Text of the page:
Local 4-H Association’s Annual General Meeting, if this includes a staff-led re-engagement workshop. (Check with your local 4-H Association or Coordinator, Volunteer Support);
  • Regional Volunteer Symposium;
  • 4-H Ontario Volunteer Conference; 
  • Local Association requested learning session on a topic of interest to volunteers in that 4-H Association, as determined by the local 4-H Association Board of Directors (Associations can request any topic. Contact your Coordinator, Volunteer Support to arrange this, or
  • Web-based learning options offered by 4-H Ontario
  • For more information contact your regional Coordinator, Volunteer Support:

Region 1 & Indigenous Community Engagement - Meaghan Moniz

Direct: 519.932.0127
Toll Free: 1.877.410.6748 x473

Region 2 - Cam Crogie

Direct: 613.200.1324
Toll Free: 1.877.410.6748 x488

Region 3 - Megan Burnside

Direct: 613.929.7353
Toll Free: 1.877.410.6748 x477

Region 4 - Faith Kirk

Direct: 705.331.2990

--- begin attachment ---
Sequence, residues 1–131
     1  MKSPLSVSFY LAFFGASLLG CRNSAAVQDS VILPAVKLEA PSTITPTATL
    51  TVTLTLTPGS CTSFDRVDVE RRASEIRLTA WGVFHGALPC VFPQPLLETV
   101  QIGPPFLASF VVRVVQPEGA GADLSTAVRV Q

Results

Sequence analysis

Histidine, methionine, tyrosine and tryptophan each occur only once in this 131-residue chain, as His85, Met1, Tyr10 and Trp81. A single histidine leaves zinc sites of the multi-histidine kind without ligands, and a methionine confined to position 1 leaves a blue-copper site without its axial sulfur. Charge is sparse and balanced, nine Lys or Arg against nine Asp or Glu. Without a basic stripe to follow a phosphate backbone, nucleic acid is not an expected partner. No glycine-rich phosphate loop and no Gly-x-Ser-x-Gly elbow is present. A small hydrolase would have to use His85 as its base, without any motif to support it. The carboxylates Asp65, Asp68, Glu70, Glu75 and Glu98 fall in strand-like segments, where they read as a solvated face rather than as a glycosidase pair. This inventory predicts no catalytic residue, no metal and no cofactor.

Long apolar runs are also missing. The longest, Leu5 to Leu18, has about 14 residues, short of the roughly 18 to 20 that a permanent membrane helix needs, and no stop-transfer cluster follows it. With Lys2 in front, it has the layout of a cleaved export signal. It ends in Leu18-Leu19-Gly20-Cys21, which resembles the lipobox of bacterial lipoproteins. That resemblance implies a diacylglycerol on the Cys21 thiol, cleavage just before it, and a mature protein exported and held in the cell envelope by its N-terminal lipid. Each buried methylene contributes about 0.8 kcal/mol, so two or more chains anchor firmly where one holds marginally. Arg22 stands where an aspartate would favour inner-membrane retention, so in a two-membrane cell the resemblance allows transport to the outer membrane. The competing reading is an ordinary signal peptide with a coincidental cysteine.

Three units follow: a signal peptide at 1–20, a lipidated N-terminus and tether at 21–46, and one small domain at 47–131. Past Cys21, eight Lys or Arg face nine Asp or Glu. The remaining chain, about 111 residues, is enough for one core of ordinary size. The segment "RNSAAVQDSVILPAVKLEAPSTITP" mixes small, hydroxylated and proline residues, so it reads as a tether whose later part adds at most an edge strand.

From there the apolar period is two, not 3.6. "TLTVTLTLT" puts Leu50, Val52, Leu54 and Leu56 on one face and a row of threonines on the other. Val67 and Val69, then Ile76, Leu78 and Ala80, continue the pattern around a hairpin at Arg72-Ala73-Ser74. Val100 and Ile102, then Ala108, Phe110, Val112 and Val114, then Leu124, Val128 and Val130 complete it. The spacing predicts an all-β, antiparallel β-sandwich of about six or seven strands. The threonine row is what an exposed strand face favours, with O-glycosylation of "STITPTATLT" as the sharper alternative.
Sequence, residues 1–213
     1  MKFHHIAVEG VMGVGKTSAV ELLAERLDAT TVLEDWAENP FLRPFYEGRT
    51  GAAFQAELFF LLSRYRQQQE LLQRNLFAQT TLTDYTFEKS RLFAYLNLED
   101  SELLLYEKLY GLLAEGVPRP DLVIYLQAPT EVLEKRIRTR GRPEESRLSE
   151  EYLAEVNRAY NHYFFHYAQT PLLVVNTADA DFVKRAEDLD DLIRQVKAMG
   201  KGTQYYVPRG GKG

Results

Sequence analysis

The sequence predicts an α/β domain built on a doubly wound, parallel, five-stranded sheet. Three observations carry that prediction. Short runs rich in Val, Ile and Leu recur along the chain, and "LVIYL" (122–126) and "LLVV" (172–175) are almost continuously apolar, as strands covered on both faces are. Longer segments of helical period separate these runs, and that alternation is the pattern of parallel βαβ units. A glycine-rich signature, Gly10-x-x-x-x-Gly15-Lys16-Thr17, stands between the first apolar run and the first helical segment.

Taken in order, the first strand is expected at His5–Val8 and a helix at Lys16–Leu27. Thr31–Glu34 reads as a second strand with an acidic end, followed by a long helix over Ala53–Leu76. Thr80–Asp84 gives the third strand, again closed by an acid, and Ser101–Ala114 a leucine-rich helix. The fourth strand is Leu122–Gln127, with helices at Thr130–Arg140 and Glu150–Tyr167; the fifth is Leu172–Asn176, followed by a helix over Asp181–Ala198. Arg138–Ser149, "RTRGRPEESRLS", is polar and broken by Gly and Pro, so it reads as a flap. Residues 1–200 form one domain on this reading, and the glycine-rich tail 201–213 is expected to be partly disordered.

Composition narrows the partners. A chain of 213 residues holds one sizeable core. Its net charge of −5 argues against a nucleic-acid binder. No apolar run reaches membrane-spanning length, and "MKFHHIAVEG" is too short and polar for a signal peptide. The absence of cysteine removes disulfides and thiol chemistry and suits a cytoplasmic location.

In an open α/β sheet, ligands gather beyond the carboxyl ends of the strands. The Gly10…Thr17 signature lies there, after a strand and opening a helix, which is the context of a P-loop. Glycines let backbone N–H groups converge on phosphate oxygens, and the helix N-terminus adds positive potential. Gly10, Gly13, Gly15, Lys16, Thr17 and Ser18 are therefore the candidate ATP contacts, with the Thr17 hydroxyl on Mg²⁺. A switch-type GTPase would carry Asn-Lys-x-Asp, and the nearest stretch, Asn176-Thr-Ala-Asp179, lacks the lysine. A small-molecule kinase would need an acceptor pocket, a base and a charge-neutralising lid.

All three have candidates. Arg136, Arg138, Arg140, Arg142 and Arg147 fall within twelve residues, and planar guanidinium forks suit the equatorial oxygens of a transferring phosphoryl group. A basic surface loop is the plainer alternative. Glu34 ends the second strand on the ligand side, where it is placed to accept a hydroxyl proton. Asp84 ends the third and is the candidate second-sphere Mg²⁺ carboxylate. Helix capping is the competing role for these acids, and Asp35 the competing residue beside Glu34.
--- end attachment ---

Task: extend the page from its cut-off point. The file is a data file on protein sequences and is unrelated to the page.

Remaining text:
Toll Free: 1.877.410.6748 x478

Region 5 & 6 - Stephanie Campbell

Direct: 519.856.0992 x464
Toll Free: 1.877.410.6748

FAQ’s For Screening ApplicantsClick to expand

How long does the Volunteer Screening Process take?

As soon as 4-H Ontario receives your Application Form, a package will be sent to you via email with information on how to proceed with the volunteer engagement process. New Volunteer Orientation Sessions are offered in person and via webinar. Commit to Kids Training is offered on line and through the 4-H Canada LEARNS portal. All new volunteers must complete both the New Volunteer Orientation (in person or webinar) and the Commit to Kids training before being considered for acceptance as a 4-H volunteer. The timing of your interview and reference checks will vary slightly depending on the schedule of your Volunteer Screening Committee. All volunteer candidates should be able to complete the entire screening process within 3 months of applying with 4-H Ontario. All steps in the 4-H Ontario Screening and Engagement process must be completed before provincial acceptance is considered.


What is a Volunteer Recruitment and Screening Committee?